Over the past few years, peptides and peptide therapy (PT) have gained massive popularity, especially in the fields of alternative medicine and hormone replacement therapy.
Before we dig into more detail, we must understand what a peptide is, how it works, and why would you need peptide therapy.
What is a peptide?
A peptide is a group of amino acids linked together by chemical bonds. These peptides vary greatly in the number of amino acids they incorporate, as well as in their spatial structures; some peptides are linear, others are branched, and another group is cyclic.
These compounds are crucial to the body’s normal functioning. Every cell in the body has hundreds of peptides that are primordial to its survival. The cell needs peptides if it wants to synthesize a new compound, signal other cells, or adapt to new biochemical and anatomical situations.
What is an example of a peptide? Well, insulin.
Other examples include glucagon, oxytocin, epinephrine, and glutathione.
How do Peptides work?
As we mentioned earlier, peptides possess a wide array of functions in the cell. Some peptides induce hypertrophy (growth) of muscle tissue while others stimulate the breakdown of fatty acids stored in adipose tissues.
Moreover, peptides are also the building blocks to essential proteins, such as collagen, elastin, and fibrin, which are crucial to maintaining healthy skin and connective tissue.
In fact, it is this wide range of functions observed in peptides that led scientists and physicians to be interested in integrating this method as a therapeutic modality.
What is Peptide therapy?
PT entails the use of specific peptides to induce certain reactions in the body and achieve health goals.
Peptides are able to promote weight loss, increase muscle mass, and improve the recovery time of muscle repair processes.
Scientists noticed the potential of these compounds and studied them further. Most peptides are injected via the subcutaneous route; however, other forms, such as oral form, spray, and creams do exist.
Some physicians believe that the oral form is not as effective as the other forms. This is because peptides are composed of amino acids, which are very susceptible to structural damage when exposed to extreme environments, and what environment is more extreme than the acidity of the stomach? A “light bulb” might just have lit up inside your brain; “ahaa, this is why they don’t give diabetic patients insulin via the oral route.”
Unfortunately, peptide therapy is not part of conventional medicine, as it belongs to a branch known as alternative medicine. Some experts also classify it in the Hormone Replacement Therapy (HRT) field.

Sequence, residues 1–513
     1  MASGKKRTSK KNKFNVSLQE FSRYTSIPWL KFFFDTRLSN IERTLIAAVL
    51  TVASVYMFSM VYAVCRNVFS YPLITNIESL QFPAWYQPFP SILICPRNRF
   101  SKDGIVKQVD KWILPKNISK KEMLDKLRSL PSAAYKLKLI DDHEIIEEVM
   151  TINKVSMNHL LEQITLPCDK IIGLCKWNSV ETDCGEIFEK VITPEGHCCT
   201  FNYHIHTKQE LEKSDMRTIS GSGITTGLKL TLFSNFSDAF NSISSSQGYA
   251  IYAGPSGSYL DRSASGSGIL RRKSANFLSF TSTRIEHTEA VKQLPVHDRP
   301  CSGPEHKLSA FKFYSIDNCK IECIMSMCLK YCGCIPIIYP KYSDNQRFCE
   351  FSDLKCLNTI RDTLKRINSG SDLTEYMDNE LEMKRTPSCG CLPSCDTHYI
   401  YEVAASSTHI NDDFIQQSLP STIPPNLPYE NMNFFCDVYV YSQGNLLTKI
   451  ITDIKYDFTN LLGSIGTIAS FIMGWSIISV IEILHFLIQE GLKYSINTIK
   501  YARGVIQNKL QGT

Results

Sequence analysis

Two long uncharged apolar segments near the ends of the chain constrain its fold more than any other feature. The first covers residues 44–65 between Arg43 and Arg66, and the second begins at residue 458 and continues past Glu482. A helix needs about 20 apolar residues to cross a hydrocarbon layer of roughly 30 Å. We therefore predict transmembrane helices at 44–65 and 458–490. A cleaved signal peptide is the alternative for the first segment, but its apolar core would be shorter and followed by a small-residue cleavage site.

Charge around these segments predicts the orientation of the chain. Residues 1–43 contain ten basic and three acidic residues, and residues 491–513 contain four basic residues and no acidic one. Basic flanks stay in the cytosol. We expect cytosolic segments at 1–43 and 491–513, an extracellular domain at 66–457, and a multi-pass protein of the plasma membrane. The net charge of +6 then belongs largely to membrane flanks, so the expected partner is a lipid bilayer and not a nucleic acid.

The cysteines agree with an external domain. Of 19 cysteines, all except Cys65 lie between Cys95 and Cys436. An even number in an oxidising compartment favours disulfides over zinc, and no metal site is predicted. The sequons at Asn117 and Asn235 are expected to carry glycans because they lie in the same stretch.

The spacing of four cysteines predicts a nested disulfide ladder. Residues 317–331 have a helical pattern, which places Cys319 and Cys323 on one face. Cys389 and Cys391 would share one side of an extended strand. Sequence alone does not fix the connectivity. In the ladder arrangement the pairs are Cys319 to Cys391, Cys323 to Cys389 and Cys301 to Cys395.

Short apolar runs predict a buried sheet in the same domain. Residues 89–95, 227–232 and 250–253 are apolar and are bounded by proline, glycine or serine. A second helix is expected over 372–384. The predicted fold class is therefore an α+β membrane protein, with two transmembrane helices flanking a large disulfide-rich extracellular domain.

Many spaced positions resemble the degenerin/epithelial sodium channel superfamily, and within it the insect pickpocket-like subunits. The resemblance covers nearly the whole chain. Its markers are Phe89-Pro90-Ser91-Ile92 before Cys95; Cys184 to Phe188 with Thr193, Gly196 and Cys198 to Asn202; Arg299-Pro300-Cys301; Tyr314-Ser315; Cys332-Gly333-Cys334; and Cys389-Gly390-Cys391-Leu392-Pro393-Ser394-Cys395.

For this reason, not all physicians are trained to give peptide therapy since it is not taught in medical schools.
In order for a physician to become certified in recommending and providing peptide therapy, he/she needs to be trained in a private clinic that offers this service.
Benefits of peptide therapy
There are several benefits to peptide therapy, depending on the type you receive. Narrowing down our list to these benefits is no easy task; however, we opted for the most common health benefits.
The way peptide therapy induces weight loss is diverse; it includes appetite suppression, activating the metabolic pathways that use fatty acids as fuel, and increasing basal metabolic rate (BMR) by bulking up the muscles.
BMR is a metabolic pathway used in the medical community to describe the number of calories your body needs to maintain your organs' functionality. This number is influenced by age, body type, sex, degree of physical activity, and muscle mass.
Peptide therapy increases muscle mass, which inadvertently reduces weight.
Peptides for Muscle growth
This is mediated by inducing the production of Human Growth Hormone (HGH), which will promote the hypertrophy of fiber muscles to become larger.
This will help you get the body of your dreams, improve your general health, and decrease the percentage of fat you have.
Peptides for Reduction of recovery time
During a workout session, your muscles will undergo what’s known as microscopic tears. These are tiny tears in the muscle fibers that occur due to intense stretching.
I know this might seem bad, but it is exactly our goal.
During the recovery period, your body will secrete hormones and amino acids to promote the process of repairing these tears, which help the muscle grow bigger to be able to adapt to the intense exercise in the future.
Some peptide analogs are specifically beneficial in reducing the time required to conduct this process. In other words, it will take less time to repair and grow the muscles than it usually does. A classic analog is BPC 157, which has been demonstrated to accelerate the healing of many different wounds.